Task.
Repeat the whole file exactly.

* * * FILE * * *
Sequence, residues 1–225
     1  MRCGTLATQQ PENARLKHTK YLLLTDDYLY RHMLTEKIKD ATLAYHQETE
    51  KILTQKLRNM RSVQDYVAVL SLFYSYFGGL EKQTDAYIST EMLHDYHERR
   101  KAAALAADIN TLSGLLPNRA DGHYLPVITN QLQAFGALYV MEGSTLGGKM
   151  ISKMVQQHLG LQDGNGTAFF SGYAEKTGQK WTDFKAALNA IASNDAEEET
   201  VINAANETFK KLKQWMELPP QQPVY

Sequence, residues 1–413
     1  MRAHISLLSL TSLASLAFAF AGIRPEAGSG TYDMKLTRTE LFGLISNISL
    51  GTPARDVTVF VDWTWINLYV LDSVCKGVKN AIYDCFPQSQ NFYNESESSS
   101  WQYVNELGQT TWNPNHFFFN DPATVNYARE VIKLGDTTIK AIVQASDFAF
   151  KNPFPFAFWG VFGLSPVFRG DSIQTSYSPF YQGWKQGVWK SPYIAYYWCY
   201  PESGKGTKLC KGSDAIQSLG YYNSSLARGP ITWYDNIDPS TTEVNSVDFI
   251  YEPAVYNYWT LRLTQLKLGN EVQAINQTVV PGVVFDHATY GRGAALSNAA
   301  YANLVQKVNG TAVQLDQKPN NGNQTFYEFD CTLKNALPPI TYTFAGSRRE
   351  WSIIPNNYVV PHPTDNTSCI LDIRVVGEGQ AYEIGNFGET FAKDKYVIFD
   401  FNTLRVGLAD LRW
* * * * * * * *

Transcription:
Sequence, residues 1–225
     1  MRCGTLATQQ PENARLKHTK YLLLTDDYLY RHMLTEKIKD ATLAYHQETE
    51  KILTQKLRNM RSVQDYVAVL SLFYSYFGGL EKQTDAYIST EMLHDYHERR
   101  KAAALAADIN TLSGLLPNRA DGHYLPVITN QLQAFGALYV MEGSTLGGKM
   151  ISKMVQQHLG LQDGNGTAFF SGYAEKTGQK WTDFKAALNA IASNDAEEET
   201  VINAANETFK KLKQWMELPP QQPVY

Sequence, residues 1–413
     1  MRAHISLLSL TSLASLAFAF AGIRPEAGSG TYDMKLTRTE LFGLISNISL
    51  GTPARDVTVF VDWTWINLYV LDSVCKGVKN AIYDCFPQSQ NFYNESESSS
   101  WQYVNELGQT TWNPNHFFFN DPATVNYARE VIKLGDTTIK AIVQASDFAF
   151  KNPFPFAFWG VFGLSPVFRG DSIQTSYSPF YQGWKQGVWK SPYIAYYWCY
   201  PESGKGTKLC KGSDAIQSLG YYNSSLARGP ITWYDNIDPS TTEVNSVDFI
   251  YEPAVYNYWT LRLTQLKLGN EVQAINQTVV PGVVFDHATY GRGAALSNAA
   301  YANLVQKVNG TAVQLDQKPN NGNQTFYEFD CTLKNALPPI TYTFAGSRRE
   351  WSIIPNNYVV PHPTDNTSCI LDIRVVGEGQ AYEIGNFGET FAKDKYVIFD
   401  FNTLRVGLAD LRW